The Jersey International was Britain’s first post war Grand Prix in 1947 and the event continued to attract the top teams and drivers for several years. By 1952, GP cars were considered too fast for the course so it became a sports car event with one entry of note, local driver Frank Le Gallais piloting an XK120. Le Gallais had previous form in the Jersey Road Race, in 1949 he drove a Talbot in the finals but was also a well-respected hill climb expert with his single seat (twin rear wheel) Le Gallais Special. Powered by a rather ‘hot’ rear mounted XK engine coupled to a Citroën gearbox, it was this powerplant that would be installed into Bob Sangan’s 120 for the 20-lap race through the streets of Jersey on the 10th July 1952. In the first heat , a fine 4th was achieved behind George Abecassis in a factory DB3 Aston-Martin which led to a starting position of 10th in the main race where Le Gallais hustled the Jaguar into a creditable 8th overall; just behind Roy Salvadori with two Ecurie Ecosse XK120s in 5th and 6th places. Ian Stewart took overall victory in front of a Frazer-Nash and a pair of DB3’s winning at an average of 87.44mph in one of the first outings for the all new C-Type Jag. After the race, our XK120 was reunited with its original engine and would be campaigned and enjoyed by Bob Sangan for several more years including another podium at Bouley Bay in 1954. The car crossed to the mainland in 1957 and found a new home in the East Riding of Yorkshire by which time its exterior colour had changed to blue. With its new registration, SOW 666, it was in the hands of Terence Shaw of Brough in April 1970 then moved onto Keith Knowles, resident of Wilberfoss three years later. In May 1974 the ‘buff’ logbook showed it was registered to Geoffrey Charlton but then crossed out and the name of Colin Musgrave installed two weeks later. He then sold the car to Geoffrey Charlton who we assume supplied the registration number GEF 120, then strangely it returned to Colin Musgrave in October of the same year. The next owner, Douglas Hunt, ran a wedding car business in Cleveland; he purchased the Jaguar in 1983 with all intentions of restoration but this never happened and by the time Douglas Anderson took over in 1990, the car was in poor condition. Trailer bound and refinished in flat white, Mr. Anderson took great strides to salvage the 120 spending over £50,000 on a ground-up restoration which took place over a decade. Finally refinished in red with a superb interior installed by The Trim Centre in Nuneaton that remains in place to this day. In 2007 the final transfer took place as GEF 120 headed to the centre of the South Downs and the village of Petworth near Goodwood. It was then that the current owner put it into the knowledgeable hands of Country Classic Cars in Midhurst. It was then the subject of a full restoration, both bodywork/chassis and many mechanical upgrades comprising a conversion to a 12 volt battery, electronic ignition fitted and a front disc brake conversion together with a servo. A Kenlowe fan and alloy header tank were fitted also installed and an alternator conversion and a manual choke conversion carried out. The rear brakes were overhauled and a full stainless steel exhaust system was fitted. The dampers were replaced and it sits on a new set of Michelin radial tyres. Prior to the above, the engine was internally inspected and the mileage we believe is genuine according to the owner, although not warranted. The gearbox was stripped and rebuilt together with a new clutch fitted. The car had a full bare metal respray, fabrication and brightwork. The bare metal being treated to two coats of epoxy resin, primer, direct gloss and premium lacquer. The interior was retrimmed with quality hide in a contrasting tan colour. The above, combined with numerous additional mechanical works carried out, (which can be found in the history file) makes for a very useable and enjoyable XK120 which will return reliability for many a year to come. This fabulous ‘matching-numbers’ vehicle is supplied with a matching spare wheel, tonneau, original green log book and Jaguar Daimler Heritage Trust Certificate.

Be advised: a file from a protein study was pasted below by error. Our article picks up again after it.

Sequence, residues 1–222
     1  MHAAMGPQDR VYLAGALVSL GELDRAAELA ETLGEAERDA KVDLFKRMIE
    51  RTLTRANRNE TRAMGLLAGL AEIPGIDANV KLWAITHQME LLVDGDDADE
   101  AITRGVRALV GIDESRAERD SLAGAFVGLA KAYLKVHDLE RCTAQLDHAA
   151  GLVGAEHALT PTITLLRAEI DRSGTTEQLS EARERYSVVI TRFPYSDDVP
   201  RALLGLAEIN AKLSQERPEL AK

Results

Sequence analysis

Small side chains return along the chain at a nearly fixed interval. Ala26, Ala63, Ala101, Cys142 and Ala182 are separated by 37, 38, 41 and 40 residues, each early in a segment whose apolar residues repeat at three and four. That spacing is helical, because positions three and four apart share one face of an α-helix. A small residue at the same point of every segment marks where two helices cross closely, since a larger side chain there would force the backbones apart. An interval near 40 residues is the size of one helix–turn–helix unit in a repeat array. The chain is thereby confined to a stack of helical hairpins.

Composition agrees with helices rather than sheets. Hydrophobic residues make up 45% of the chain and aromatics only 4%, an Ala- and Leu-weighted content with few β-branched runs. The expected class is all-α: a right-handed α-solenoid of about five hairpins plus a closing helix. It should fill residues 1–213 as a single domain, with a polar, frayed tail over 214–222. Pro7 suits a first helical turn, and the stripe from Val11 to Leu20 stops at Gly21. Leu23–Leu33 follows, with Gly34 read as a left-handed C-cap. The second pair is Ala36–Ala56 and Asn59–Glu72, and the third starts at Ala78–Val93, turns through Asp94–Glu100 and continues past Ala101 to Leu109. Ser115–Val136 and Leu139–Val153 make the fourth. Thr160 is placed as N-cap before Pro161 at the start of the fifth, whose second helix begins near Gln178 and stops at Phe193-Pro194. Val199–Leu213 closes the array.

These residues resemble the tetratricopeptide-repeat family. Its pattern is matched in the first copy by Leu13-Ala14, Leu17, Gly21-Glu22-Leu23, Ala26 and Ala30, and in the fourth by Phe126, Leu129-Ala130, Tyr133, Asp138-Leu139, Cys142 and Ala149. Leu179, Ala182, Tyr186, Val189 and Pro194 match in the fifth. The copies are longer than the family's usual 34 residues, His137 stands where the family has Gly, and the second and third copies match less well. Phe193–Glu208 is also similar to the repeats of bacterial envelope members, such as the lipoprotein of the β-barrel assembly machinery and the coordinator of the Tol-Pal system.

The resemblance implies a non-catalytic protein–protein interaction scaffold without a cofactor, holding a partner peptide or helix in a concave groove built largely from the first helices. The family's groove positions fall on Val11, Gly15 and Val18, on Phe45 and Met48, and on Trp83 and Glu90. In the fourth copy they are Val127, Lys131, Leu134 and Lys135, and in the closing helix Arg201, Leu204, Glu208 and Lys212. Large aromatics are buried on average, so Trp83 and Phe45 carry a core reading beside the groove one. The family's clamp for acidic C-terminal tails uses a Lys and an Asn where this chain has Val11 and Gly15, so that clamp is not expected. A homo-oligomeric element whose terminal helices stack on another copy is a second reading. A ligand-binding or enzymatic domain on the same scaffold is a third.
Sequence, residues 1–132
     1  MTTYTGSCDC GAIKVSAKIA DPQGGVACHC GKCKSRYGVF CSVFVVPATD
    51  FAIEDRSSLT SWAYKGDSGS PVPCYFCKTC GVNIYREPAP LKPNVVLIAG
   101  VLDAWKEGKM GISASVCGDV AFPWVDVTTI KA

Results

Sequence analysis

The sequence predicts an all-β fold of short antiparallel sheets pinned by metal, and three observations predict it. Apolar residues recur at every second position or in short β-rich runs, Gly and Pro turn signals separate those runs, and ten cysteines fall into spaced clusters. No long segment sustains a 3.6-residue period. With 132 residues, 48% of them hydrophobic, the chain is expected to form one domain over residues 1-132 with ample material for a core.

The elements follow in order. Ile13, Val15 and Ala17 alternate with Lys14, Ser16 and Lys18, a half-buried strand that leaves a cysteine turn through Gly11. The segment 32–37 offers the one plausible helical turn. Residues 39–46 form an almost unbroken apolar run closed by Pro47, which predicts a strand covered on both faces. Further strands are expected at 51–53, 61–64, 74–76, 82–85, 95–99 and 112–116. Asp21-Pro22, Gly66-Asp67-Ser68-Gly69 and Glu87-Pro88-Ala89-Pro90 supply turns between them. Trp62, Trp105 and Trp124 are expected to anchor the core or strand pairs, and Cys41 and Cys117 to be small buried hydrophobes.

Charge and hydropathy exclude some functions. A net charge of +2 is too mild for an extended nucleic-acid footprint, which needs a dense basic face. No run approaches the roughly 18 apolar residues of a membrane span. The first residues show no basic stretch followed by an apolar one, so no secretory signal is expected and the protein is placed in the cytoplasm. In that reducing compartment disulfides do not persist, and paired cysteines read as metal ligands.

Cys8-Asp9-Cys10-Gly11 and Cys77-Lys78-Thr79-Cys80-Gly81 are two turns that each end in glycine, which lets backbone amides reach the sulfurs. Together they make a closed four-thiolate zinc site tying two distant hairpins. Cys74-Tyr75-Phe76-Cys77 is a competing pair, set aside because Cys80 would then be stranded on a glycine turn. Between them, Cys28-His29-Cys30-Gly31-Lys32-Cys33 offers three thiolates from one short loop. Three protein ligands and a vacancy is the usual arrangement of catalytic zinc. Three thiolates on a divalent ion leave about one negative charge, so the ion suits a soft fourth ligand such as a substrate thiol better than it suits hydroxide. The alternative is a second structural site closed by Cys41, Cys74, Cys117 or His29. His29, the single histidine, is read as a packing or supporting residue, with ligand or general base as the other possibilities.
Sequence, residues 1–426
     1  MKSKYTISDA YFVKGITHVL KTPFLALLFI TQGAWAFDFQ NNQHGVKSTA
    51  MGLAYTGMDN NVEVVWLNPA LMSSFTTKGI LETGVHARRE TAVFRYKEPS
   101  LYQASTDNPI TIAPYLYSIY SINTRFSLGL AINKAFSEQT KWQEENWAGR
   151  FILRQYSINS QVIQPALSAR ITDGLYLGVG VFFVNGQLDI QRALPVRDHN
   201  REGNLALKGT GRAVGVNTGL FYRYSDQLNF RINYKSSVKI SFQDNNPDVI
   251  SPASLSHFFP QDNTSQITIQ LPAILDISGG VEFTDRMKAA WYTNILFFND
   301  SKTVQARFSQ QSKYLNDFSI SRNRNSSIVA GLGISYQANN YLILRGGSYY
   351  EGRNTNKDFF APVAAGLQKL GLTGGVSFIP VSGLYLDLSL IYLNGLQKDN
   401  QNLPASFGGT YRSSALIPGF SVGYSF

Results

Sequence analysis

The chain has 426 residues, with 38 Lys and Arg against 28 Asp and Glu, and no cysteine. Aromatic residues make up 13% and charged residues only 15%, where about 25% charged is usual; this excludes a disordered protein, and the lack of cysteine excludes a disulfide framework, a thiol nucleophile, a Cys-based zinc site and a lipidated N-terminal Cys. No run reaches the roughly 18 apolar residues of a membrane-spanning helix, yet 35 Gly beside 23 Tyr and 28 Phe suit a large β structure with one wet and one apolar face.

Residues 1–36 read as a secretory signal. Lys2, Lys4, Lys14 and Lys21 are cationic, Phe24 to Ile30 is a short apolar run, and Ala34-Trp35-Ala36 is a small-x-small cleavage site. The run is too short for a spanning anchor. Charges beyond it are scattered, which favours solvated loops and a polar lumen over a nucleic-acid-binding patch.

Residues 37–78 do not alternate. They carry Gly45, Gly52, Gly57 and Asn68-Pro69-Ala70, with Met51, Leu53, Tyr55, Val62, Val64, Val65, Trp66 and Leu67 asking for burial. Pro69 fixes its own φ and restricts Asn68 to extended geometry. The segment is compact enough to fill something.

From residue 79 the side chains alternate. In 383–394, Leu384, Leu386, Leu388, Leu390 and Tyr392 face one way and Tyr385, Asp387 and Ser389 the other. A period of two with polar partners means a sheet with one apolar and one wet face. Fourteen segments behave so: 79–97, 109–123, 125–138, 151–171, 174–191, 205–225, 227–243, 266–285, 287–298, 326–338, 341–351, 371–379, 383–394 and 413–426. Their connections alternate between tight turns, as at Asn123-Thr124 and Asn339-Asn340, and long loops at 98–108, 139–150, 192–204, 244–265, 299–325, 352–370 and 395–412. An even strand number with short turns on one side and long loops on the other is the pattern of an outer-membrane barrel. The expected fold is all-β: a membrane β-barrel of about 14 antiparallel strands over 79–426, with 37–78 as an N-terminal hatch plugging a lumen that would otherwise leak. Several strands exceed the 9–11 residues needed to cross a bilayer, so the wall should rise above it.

At the time of writing, conversations are taking place with the aim of returning this Jaguar to Jersey for the 75th anniversary of the first International Road Race in 2022. It will also be 70 years since chassis 660294 raced around the 5.1km circuit, with interested parties hopeful it could even be re-clothed for the seventh time in its original white; a romantic vision maybe, but it would complete the circle in this cat’s many lives.

Interested parties should satisfy themselves as to the description and condition of each lot prior to the sale. Buyers are advised to inspect the car in person or use a professional to carry out this service.